Bill Gaytten for Christian Dior, Fall 2012, Paris, 2 March 2012
The Christian Dior show today was a frustrating experience. The dither that has surrounded Dior since John Galliano’s departure demands resolution, if only because you never again want to hear one single morsel of groundless speculation. With Dior’s couture collection in July, it felt like Bill Gaytten was courting resolution by laying out his very capable wares. With today’s show, it felt like he was putting them away again.
“Soft modernity” was Gaytten’s theme. It was a notion whose nebulosity dogged the catwalk, where deflated New Look looks simultaneously evoked Dior’s stellar past and its lunar (as in moonstruck) present. The show began well enough. The focus was on the waist—well, it would be, wouldn’t it?—emphasized by a peplum’s flare or a skirt’s fullness.
Classic portrait necklines were literally twisted in leather. Equally classic houndstooth was exploded into an abstract pattern. The models’ knit skullcaps were a streamlined touch. But then, where, in the past, you might have expected takeoff from such a restrained start, there was just more of the same. Perhaps there was some well-reasoned commercial point to that—and rumors suggest the label has been doing fine under Gaytten—but it felt like Dior by the numbers.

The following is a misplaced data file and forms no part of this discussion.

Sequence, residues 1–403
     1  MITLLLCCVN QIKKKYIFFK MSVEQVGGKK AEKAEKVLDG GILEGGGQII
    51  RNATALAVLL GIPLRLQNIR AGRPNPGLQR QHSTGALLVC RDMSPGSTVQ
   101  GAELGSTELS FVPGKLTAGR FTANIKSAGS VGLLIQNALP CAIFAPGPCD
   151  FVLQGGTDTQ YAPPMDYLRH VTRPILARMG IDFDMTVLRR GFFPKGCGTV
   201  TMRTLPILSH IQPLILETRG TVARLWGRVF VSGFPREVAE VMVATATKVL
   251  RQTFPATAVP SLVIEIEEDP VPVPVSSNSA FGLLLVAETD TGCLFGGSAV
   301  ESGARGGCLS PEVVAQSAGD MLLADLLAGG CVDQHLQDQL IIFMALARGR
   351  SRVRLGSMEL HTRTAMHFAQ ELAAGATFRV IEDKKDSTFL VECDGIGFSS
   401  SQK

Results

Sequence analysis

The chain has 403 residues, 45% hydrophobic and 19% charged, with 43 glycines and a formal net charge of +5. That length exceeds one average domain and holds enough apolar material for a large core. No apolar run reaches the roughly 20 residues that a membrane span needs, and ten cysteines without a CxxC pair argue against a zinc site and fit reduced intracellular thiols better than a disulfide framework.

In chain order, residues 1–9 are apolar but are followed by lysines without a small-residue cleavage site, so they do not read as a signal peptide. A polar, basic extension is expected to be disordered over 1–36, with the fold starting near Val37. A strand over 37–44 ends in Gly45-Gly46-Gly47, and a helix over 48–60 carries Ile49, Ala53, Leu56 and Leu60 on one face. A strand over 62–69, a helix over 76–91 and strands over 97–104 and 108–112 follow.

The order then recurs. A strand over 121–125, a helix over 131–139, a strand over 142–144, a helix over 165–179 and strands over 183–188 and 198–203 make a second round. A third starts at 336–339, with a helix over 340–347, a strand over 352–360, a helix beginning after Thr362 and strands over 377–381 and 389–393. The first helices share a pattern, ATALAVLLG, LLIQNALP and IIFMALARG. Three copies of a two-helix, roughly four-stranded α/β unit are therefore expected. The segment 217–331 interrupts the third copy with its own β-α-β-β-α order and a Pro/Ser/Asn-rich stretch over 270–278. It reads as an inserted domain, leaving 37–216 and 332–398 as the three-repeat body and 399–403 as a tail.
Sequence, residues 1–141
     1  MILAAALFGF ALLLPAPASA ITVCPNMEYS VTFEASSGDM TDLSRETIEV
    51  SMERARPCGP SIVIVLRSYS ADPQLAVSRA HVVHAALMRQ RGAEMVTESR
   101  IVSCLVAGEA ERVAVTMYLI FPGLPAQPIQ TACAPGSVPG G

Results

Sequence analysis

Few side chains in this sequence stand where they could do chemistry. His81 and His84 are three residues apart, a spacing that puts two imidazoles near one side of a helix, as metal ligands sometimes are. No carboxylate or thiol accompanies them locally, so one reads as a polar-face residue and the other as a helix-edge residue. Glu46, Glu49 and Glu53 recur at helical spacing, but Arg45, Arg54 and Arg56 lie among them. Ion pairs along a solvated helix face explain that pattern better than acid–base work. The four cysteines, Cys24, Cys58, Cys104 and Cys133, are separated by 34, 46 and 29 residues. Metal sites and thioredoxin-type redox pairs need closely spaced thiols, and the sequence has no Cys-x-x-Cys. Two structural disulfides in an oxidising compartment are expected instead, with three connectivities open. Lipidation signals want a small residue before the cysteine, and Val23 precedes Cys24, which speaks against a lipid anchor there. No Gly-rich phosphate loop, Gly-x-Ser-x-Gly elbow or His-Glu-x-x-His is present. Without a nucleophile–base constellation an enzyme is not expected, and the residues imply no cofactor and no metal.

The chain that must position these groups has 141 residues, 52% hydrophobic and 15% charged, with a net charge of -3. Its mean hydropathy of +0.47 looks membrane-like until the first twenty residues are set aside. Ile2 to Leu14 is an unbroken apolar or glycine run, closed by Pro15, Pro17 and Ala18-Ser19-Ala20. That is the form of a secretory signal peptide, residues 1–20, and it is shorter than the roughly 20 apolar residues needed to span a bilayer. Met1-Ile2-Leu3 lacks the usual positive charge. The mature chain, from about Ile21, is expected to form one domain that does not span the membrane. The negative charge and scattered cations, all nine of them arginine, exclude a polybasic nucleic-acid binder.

Program notes mentioned “a ballet femininity,” and the full silk tulle skirts that made up the collection’s evening component had a feel for that (particularly a shorter-skirted, long-sleeve raspberry outfit), but there was an intangible lifelessness to the clothes.
Maybe it all comes back to the peculiarity of Gaytten’s challenge. How do you muster enthusiasm for your work when you have no clue what tomorrow may bring?